(Bloomberg) — Faith in the world-conquering, relentless, sure-thing America First trade is fraying on bets world markets will turn the corner in 2020.
Risky assets outside the U.S. are seeing fresh flows as optimism over a trade deal buoys expectations for global growth. Stocks in Europe just took in money for a fourth straight week and emerging markets notched the strongest buying in 41 weeks, according to a Bank of America Corp. report citing EPFR Global data.
Meanwhile, U.S. equities saw outflows over the same period, with a similar phenomenon surfacing in credit. Strategists have long warned on the dangers of overweighting U.S. risk assets, citing leveraged balance sheets and the aging business cycle. But even with the bull market continuously defying the naysayers, conviction is growing on Wall Street that a rotation is afoot.
“Our preference for non-U.S. over U.S. equities is greater than before,” Morgan Stanley strategist Andrew Sheets wrote in a note on Sunday. “Relative to past mid-cycle slowdowns, for example, U.S. equity markets are significantly more expensive, U.S. credit spreads are tighter and volatility is lower. In contrast, global equity valuations are in line with their average during past inflections of mid-cycle growth.”
Tailwinds for the rest of the world are multiplying. The world’s two economic superpowers are edging closer to a phase-one trade deal that will likely put a temporary end to tariffs. U.S. economic data are deteriorating faster relative to the world. And the revival in cyclical and volatile shares also points to improving risk appetite that should benefit stocks beyond America, especially emerging markets.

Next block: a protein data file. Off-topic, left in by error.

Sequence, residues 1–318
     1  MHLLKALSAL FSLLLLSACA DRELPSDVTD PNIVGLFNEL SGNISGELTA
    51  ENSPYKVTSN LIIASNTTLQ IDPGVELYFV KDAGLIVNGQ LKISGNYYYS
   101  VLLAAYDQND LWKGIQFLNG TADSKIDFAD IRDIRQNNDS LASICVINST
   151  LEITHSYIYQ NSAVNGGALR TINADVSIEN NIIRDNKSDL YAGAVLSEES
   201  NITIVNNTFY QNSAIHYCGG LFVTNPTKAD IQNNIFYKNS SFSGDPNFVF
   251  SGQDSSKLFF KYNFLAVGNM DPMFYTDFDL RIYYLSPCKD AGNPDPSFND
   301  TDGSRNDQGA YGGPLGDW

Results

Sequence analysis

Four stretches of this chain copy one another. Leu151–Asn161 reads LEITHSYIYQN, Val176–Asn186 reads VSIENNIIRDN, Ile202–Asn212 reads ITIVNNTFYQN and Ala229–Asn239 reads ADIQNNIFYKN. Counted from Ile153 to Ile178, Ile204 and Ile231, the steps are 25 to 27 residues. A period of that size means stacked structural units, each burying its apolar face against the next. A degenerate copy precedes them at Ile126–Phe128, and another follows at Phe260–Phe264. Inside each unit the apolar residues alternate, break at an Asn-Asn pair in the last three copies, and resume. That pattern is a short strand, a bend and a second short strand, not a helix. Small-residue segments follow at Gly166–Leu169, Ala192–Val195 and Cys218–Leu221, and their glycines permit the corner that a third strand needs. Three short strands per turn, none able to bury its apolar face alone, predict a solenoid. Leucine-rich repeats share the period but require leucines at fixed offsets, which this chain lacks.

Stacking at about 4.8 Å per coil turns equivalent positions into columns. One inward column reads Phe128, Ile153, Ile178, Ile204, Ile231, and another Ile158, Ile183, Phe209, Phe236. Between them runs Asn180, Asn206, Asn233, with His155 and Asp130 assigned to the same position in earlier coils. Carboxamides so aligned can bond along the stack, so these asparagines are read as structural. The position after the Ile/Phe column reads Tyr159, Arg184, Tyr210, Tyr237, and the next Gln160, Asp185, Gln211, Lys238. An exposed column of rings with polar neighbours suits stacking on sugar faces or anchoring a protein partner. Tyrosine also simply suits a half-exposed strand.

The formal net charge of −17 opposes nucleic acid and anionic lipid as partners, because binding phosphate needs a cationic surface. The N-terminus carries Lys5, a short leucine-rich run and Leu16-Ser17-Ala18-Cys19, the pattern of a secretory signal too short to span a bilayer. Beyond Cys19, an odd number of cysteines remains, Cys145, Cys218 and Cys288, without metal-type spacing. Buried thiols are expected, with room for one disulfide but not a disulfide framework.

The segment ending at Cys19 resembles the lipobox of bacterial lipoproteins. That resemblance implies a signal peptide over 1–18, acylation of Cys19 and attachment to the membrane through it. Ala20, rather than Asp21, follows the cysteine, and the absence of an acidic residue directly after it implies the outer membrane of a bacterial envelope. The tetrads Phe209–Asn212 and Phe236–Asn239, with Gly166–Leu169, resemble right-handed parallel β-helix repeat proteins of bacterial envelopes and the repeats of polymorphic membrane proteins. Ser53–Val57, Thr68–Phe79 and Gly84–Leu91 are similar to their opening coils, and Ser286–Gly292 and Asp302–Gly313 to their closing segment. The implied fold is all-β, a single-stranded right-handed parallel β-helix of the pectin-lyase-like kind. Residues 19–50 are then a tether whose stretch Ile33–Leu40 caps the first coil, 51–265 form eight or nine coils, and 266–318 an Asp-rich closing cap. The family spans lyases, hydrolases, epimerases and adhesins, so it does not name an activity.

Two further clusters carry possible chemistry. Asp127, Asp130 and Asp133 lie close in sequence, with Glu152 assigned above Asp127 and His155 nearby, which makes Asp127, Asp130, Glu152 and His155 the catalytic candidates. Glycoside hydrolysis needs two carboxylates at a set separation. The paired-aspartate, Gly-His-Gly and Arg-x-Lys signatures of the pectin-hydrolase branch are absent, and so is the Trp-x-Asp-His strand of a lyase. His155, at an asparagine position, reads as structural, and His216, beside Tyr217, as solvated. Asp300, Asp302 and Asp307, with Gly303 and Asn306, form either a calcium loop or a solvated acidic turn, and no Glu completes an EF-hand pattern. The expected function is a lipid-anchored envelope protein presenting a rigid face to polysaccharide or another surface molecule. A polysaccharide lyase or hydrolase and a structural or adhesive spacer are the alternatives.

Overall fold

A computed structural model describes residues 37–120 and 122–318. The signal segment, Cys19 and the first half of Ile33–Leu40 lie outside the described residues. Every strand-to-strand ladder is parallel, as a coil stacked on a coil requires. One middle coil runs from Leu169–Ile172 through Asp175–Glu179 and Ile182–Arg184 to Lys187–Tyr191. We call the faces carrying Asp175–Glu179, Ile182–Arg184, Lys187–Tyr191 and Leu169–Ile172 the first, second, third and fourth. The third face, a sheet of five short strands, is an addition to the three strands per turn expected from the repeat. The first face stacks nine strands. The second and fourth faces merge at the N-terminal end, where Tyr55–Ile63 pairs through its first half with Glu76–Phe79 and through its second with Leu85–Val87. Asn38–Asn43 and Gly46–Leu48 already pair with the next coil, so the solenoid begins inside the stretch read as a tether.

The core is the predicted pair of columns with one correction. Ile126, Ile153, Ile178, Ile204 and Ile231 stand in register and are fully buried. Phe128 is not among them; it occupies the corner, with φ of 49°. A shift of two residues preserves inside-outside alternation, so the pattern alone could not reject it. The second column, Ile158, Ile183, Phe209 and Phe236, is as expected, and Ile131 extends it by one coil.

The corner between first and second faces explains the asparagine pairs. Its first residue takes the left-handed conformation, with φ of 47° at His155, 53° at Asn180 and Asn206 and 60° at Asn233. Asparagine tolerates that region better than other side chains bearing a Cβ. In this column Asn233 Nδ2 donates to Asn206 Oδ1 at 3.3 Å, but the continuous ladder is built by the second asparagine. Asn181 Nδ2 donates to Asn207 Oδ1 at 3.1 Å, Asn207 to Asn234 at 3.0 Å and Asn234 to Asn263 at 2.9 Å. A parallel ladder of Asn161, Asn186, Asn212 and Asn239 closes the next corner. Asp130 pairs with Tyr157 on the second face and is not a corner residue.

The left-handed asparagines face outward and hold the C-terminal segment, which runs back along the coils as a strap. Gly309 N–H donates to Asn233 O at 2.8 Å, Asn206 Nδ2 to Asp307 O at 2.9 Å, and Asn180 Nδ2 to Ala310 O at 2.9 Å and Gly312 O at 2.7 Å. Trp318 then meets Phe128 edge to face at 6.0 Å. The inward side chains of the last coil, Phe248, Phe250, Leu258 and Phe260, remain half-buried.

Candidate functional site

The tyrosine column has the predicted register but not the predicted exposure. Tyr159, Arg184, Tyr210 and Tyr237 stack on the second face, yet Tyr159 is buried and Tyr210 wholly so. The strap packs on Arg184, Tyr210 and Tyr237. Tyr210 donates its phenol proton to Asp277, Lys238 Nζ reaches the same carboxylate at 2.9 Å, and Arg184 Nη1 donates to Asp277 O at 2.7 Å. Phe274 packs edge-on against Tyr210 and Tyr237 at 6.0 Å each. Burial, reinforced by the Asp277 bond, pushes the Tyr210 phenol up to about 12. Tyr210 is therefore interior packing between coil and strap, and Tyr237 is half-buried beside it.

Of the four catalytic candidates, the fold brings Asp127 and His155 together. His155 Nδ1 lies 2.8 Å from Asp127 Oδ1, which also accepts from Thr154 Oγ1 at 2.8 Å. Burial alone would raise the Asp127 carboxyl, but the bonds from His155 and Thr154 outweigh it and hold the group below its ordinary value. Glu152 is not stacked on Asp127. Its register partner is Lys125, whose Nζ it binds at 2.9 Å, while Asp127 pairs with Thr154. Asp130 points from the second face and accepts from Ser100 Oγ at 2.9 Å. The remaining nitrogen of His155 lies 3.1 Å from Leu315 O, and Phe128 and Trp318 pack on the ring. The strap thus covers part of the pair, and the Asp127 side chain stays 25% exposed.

This year’s near-relentless rally of American shares and credit versus the rest of the world was looking shaky late summer, with the greenback subsiding from a two-year high and easing financial conditions across the world.
Indeed, the global catch-up trade has been on the up since late August, when pessimism over the global economy waned. But sentiment has whipsawed. Last week, an exchange-traded fund tracking the S&P 500 bested a basket of non-U.S. equities by the most since July 26, which was an intermediate peak for the American benchmark.
But the valuation case looks compelling. The S&P 500 is 28% pricier than the rest of the world, compared with a 10-year average of 18%. Regions like Europe, which has seen equity outflows of nearly $100 billion this year, are especially under-owned by investors.
Traders are taking notice of the discount along with the brightening trade outlook. ETFs targeting non-U.S. equities have drawn $1.9 billion of inflows in the past week, compared with just $146 million for American shares, data compiled by Bloomberg show.
Even in the bond market, demand is growing for debt in Europe and developing economies. In a sign of stronger risk appetite, emerging-market local-currency bond funds lured $3 billion over the past three weeks, the most since January 2018, according to Deutsche Bank. European corporate bond funds posted inflows last week, while U.S. credit funds saw redemptions.
Still, for the shift to endure, a fundamental improvement in the global economic backdrop is needed, according to Edmund Shing, global head of equity derivatives strategy at BNP Paribas SA in London.
“This would have to coincide with a continued cyclical value recovery on the back of recovering PMIs and a rebound in global capex spending,” he said. “These are nascent trends, but need to be confirmed moving forward.”